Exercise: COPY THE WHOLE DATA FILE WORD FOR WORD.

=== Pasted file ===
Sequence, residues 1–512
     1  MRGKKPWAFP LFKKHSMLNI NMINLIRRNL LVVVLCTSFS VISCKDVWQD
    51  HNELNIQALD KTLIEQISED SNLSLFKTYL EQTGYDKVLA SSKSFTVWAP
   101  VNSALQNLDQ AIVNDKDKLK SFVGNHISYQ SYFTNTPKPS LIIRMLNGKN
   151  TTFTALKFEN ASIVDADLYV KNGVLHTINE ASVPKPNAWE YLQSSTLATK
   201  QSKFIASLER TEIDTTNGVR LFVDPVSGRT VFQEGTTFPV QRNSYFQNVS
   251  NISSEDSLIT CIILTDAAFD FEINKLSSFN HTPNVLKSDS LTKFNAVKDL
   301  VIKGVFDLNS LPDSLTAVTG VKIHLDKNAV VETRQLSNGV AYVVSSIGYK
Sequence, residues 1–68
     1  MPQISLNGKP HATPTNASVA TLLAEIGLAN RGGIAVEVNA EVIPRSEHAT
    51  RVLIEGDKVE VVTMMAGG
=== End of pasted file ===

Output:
Sequence, residues 1–512
     1  MRGKKPWAFP LFKKHSMLNI NMINLIRRNL LVVVLCTSFS VISCKDVWQD
    51  HNELNIQALD KTLIEQISED SNLSLFKTYL EQTGYDKVLA SSKSFTVWAP
   101  VNSALQNLDQ AIVNDKDKLK SFVGNHISYQ SYFTNTPKPS LIIRMLNGKN
   151  TTFTALKFEN ASIVDADLYV KNGVLHTINE ASVPKPNAWE YLQSSTLATK
   201  QSKFIASLER TEIDTTNGVR LFVDPVSGRT VFQEGTTFPV QRNSYFQNVS
   251  NISSEDSLIT CIILTDAAFD FEINKLSSFN HTPNVLKSDS LTKFNAVKDL
   301  VIKGVFDLNS LPDSLTAVTG VKIHLDKNAV VETRQLSNGV AYVVSSIGYK
Sequence, residues 1–68
     1  MPQISLNGKP HATPTNASVA TLLAEIGLAN RGGIAVEVNA EVIPRSEHAT
    51  RVLIEGDKVE VVTMMAGG